The first thing you will want to do to adopt a diabetic and heart healthy eating lifestyle is purge your pantry, refrigerator and freezer of the foods that will work against your goals and cause temptation (whether the temptation is the food itself, or the desire for convenience).
We are not saying you must discard everything in your house that has any sodium, saturated fat, added sugar or highly refined starchy carbs in it, but certainly get rid of the ones that you know will cause the greatest temptation. If they are still good, give them away; if they’re opened or marginal, throw them out. Not only will you be removing foods that are harmful, you’ll also make room on your shelves for new, healthier items.
You might feel like this is wasteful. There are several ways you can make use of these items, but the most wasteful thing is “using up” foods that you now know can cause you harm. As an alternative, you could make bright labels for the foods you (or the patient) should avoid, and put them in a different place.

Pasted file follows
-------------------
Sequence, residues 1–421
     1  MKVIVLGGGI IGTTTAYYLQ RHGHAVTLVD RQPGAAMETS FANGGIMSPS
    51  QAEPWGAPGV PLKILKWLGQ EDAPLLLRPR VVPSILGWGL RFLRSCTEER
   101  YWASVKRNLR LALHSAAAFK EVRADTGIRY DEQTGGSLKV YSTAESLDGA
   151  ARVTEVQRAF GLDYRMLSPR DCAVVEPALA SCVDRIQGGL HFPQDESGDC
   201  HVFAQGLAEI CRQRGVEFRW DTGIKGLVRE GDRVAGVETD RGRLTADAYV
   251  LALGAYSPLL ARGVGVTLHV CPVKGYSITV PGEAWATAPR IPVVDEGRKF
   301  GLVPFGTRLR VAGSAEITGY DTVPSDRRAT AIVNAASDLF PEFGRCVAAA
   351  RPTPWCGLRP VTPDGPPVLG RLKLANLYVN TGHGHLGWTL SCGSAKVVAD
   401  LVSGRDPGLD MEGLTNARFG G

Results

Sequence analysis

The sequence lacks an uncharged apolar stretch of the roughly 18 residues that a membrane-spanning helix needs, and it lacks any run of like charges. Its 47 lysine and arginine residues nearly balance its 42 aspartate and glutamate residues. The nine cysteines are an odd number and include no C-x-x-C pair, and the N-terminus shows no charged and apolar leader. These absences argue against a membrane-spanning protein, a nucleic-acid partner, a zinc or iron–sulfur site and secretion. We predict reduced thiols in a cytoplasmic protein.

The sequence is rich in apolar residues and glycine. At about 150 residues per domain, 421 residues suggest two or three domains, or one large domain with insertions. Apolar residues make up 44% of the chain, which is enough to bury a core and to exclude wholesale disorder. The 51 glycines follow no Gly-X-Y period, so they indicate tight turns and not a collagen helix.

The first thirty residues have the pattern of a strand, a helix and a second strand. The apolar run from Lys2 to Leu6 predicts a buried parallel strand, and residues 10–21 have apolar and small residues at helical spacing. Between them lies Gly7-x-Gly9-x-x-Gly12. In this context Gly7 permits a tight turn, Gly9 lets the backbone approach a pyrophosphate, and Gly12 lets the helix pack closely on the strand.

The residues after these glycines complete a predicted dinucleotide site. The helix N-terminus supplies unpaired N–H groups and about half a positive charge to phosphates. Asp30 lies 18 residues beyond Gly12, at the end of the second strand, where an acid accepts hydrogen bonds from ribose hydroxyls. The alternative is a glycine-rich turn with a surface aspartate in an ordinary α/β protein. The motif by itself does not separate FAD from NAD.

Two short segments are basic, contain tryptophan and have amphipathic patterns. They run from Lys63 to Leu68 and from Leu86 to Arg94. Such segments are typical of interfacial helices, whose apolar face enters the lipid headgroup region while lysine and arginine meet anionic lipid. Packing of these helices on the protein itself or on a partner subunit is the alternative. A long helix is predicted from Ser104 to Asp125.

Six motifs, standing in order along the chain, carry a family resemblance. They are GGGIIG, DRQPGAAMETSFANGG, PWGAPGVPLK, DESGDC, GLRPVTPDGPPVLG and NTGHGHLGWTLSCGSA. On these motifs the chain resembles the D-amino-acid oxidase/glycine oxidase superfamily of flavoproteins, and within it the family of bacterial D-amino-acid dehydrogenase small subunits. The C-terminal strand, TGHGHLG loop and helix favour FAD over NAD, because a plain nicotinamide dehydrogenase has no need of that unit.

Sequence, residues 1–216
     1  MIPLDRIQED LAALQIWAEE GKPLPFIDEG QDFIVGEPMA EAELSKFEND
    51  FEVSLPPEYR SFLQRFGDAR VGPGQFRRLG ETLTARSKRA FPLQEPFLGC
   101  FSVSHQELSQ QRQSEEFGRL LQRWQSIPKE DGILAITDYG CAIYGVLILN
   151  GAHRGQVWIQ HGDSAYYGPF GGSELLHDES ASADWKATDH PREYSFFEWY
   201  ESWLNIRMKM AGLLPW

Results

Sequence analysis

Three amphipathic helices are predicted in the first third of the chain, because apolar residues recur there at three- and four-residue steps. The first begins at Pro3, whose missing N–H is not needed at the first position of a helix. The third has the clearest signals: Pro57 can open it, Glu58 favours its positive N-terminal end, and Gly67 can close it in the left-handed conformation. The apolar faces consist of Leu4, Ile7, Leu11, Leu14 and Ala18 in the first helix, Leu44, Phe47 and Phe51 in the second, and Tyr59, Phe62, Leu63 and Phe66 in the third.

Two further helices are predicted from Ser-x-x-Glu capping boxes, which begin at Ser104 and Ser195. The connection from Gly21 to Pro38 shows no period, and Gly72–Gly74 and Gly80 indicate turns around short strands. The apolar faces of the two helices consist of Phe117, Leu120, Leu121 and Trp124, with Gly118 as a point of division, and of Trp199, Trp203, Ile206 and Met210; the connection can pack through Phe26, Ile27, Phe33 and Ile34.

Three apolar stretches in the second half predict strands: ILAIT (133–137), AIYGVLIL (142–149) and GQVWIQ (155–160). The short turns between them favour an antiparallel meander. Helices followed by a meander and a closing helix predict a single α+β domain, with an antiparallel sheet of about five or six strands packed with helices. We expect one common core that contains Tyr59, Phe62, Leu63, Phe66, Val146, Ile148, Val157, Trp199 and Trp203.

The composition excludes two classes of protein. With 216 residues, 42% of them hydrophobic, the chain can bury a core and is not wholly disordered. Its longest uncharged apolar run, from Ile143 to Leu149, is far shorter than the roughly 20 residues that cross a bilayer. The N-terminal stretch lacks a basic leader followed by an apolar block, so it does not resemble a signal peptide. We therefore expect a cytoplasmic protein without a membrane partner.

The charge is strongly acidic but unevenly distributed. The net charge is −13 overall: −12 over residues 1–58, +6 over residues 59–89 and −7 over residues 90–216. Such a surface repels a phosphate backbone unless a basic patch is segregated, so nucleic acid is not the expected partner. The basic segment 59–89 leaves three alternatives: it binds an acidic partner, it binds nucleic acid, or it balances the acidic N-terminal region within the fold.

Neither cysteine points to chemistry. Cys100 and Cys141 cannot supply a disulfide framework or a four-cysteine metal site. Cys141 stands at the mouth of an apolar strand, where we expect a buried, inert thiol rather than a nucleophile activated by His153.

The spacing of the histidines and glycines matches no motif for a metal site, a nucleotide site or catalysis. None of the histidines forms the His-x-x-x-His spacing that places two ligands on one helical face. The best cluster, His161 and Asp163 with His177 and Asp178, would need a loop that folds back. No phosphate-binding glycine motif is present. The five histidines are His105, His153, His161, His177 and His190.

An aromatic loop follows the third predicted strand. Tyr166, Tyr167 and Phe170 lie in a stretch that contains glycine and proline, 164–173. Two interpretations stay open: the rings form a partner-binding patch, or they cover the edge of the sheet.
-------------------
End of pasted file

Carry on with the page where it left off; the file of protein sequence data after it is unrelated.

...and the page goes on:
The worst offenders will probably be junk food, highly processed foods, canned soups, frozen pizzas and dinners, frozen vegetables that are packed with high sodium sauces, sugary cereals, and the other sweets you might have on hand. It’s especially important to get rid of the things that will most tempt you (or the patient) to veer off course.
This purge will teach you your first new lifestyle skill: reading labels. You will want to check the nutritional content of everything you buy for sodium content, sugar, saturated or trans fats, and especially serving sizes.
Serving Size: pay special attention to the serving size on the label. Many food manufacturers make their foods look less harmful by using unrealistically small serving sizes. If a can of soup says it is 3 servings, with 800 mg. of sodium each, and you know you’re going to eat the whole can, your sodium intake for just that meal is going to be more sodium than you probably need for the entire day. Consider how many servings you really think that can, bag or item provides, and you’ll have a better idea of the real sodium/sugar/fat content.